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CM 14 it 1 1 a n ii jty t v ,i I H.
ruautMKP KVimr it moat. t RtTLAin, vt.
WILLIAM P A V.
' THE (OI.IM;?( AOIt
ffitbcr't Drwia;-ltii Seraptlvik (London)
ieJw,e,i.i0..aol,.t. r-Ht.it aihfot
tainted -The UoUto Hre." to which the Quaker
Mlawtr.1. IUm.nl ... hat .nJ.J lb. f.lloi..c
I haktku pot h'l lh irtiit'i priJs,
When hefinith'd thil lovaly pce,
With (oopcratf, lUaatj, ixt Youtb tapplirJ,
EtvicUluT. o.mtO it 'Tlit GaVltn Age
'Tit tht port"1' of " ! bcr girlliooJ'i prlmr,
UocloailaJ br Ctt, .od uniullleJ bj Crime.
And n g x MiMtut, aoil purr, nJ bright,
las rrt wuilii lik sun,
With iti pititi gj, d ill hr.tt ! lljhl,
Ai a ljrflj rcuoJ Spfin flnntri,
Maj brioj fotwant titlri maif..U,
A bc.riof to luppy oJ hijfi to hold,
ulb. whra I lie Iiort in in Mitbtamt glen
Co at ch gtud impultc bound)
Whan att that tlit )oud; before thru) t'r
Hat a b.lo of brautf tound t
When jrif it p.u;kn,rid jujr it purr,
Aot tha vrhnp.ri vf Hop. iociu ttu. and tare.
ltmirchtncr ia a volume like Ihii.JeiijneJ
Vor the jujroui yuuoj and fair,
That thete b.ity an 1 artlen lltjei may find
A tf.der n free ftcm rare,
At lord lpo of l.ife'i Gulden A-e,
At the beinj portray 'J in (ho peritbmg p5s.
Maidnt IbinV i"t I vrnuld r.loud thy brnw
Uy a bodtnj of future ill;
Or that bmom which tlirobi ti li;btly now
With a warning voice wonbl olnll t
Unwotthr the Ji.rJ nf lilt Tallin,; lush,
Who would k in that heart a exuxten tigh.
TU the morning of Life ! He blithe and gay
Ai the birdt which around thee tin;
Yt remember that morn it but part of the d.y,
That erin ill ihadoTj muit bring,
And lb. darknt-M nf night mutt tonn follow that eve
Whan the fait-fadin; twilight hnlh taken itt leave.
Ilut fear thou not ! Let thy ntornin; be tpent
So thateve may itt count approve;
And when itari come forth iu tliu firmament.
Thou ill ill view them with hope nnd love ;
And mark uiiapprll'd the gathering night
Waiting a morning of endtt light.
Tu tho Spring.titna of being ; ) el bear in mlud
Itt Summer w ill toon be bera ;
Tint ilt Autumn will linger not long behind,
When the flowen and leavrt turn tere ;
And that Winter will come, which comet to all,
When the flower muit die, and the leaf mutt fall,
So guard the blotiuui thou beureit now,
That ulicn Summer tball be o'(r,
The fruitage of Autumn on every bough
May prove thy Winter ttore;
And when Time't brief teatont no changci bring,
Thou thlt know an orcrlailtog Spring.
Now in thy youth beaeerh of Him
Who giveth, upbraidiugnot.
That hit light in thy heart become not dim,
And hi. love be unforgnt ,
And thy God, in the darkest of Jay?, will bo
Greennet, and beauty, and ttrfti.;th, lo thee !
MATnixoMAt. ANRcmiTK. About a centur- ago,
raith tradition, when clergymen woro not so plnnty
aathey nro now, a young gentleman nnd hisdulcin
o were anxiouily awaiting tho happy day, which
was to ee them iinited in the silken bonJi of mat.
rimony. They resided on the iinrth aide of the
Tomhenk creek, nnd tho clergyman who had bcn
engaged to lie Ihc knot, litud on ho couth tido of
thiai crcrk. A the fales would havo it, heavy
rains foil the niht proiinus to the nuptiai day,
which rendered tho creok impalpable. Iu waters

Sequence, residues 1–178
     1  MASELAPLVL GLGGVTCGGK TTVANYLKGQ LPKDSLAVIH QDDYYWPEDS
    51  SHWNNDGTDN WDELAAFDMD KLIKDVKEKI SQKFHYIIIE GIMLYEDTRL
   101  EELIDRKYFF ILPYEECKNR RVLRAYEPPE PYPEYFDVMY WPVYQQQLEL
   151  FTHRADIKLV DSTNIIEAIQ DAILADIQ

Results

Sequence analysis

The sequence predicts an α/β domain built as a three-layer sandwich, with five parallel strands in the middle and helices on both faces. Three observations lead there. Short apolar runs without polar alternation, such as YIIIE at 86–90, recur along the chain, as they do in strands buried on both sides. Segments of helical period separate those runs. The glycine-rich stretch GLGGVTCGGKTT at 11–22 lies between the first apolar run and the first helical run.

woro naing, and its current becoming rnoro rapid
tcry hour. TIk? clergyman arrived at thu time
tppointcd at a p-iinl where ho had been in the habit
of fording the creek ; but it was an much as Ins
life; was worth lo attempt lo furd it on this occa
ion. Ha turned his horse's head to return, when
be waa hailed by two voices on tho opposite side
of the stream ihey were thoso of the bndu and
groom, who engaged him lo stay. After some
2ckate it wa agreed that the ceremony should
, ., " . : ; T :
Iu tho moan tuna tho fhendi of tho I
rSrlJ i Ihw" Panted, a .in-jnlar j
jx-cucie, inc imo unercoi wai nevor seen be-
tore, and probably will not bo azain. Tho 1
1 I , . i
probably not bo again. Tl
doainie read the marriage service, on tho nrargin '
tL . ..I ' Af ": . TJ. " T
.room Z 'a " f' ,r" T
which tha dotnin,., ptcked ,,p and poclce.od as Ins .
f.e, mounted bis horw, and proceeded homeward, I
and Ibn married couple did the tamo SdunttUtdy i
CoMMtnn; or tuv The number of For-!
Cn rrmals into this port, darinr ibe year. 1S29, i
3v.s o.ii.i.hi; f3.v. urn; ;
1833, 1006 ; 1634. 1 lf.O ; 1635, 130J .
' """? w' '
yt-ir 1620 wis 52 1 -
Ib30, 50 ; lB.tl, 070;
1832, 013; 1933. 1)35:
1MJ, 1003; 1535
Tho artirals dunng ihc prwtil year ra more
Ikta duriof any trrevi ws jear, since the adopttun i
tf the prweol CoastilHtisn. Ctr. t'utdimtn.
Arrotxruner bt thr l'tuMittT. (;m. W.
Daiker, of this place, l at bn appo-isted MarUial
of iW district of Vrrniwit, vice Htman lawry
rctgt-. . ii uirlctk pofr
Dart. Samuel Thorn fx on lias Ulcly retoterfd
oi o irvdiwdoal ,n Naw url, for h
nt cf hu. pai.at.
From tut Oneida IVhieof Dee. 29.
SINGULAR AM) AWFl'LTItAGEDV!!! 1
The nnunls of Oncdia county do not con -
Inin tlio record ofn crime to mysterious in
its catiKVQ brutal and revolting in the man-
nor of its perpetration, ns that which wo nro
about to narrate. On Sunday morninc last
n girl, living in n family bv tho name of
Fnrnawnrtlt, in Paris. nthis county, tu the
, cnnacjf.. f ' ,,., .,. t '" .. ' I . ' n
; 7 ,B S,tn0,'V WC UllJcnlunI, rose
"rY V. , , ' . auom pe""V? ou
o. ucu.tti.c. wie no .ceo u quantity ol blood
' 'U""'"J "loon
kill" uunin, ho saw
ho lived. lying there
uad, with his. iJiroal
vim mi.- iiuui. jh iuumii" iignm, hio snw
the man with whom she
apparently perfectly dead
cui from car to car. llcsido him nndncnr
nirn lay Ins wile, her throat cut nud mangled "fsndun, Hall nf nllmgrord, Harmon, Hamil
by mi nxe, and her whole face cruelly and l,n ""ye. Heweti, lllnman of Derbr, Hill, Hol
brutally bruised. Being terrified beyond ''Mcr, Hunt Jottctt, Janea, Kellmnn, KimptonrKit.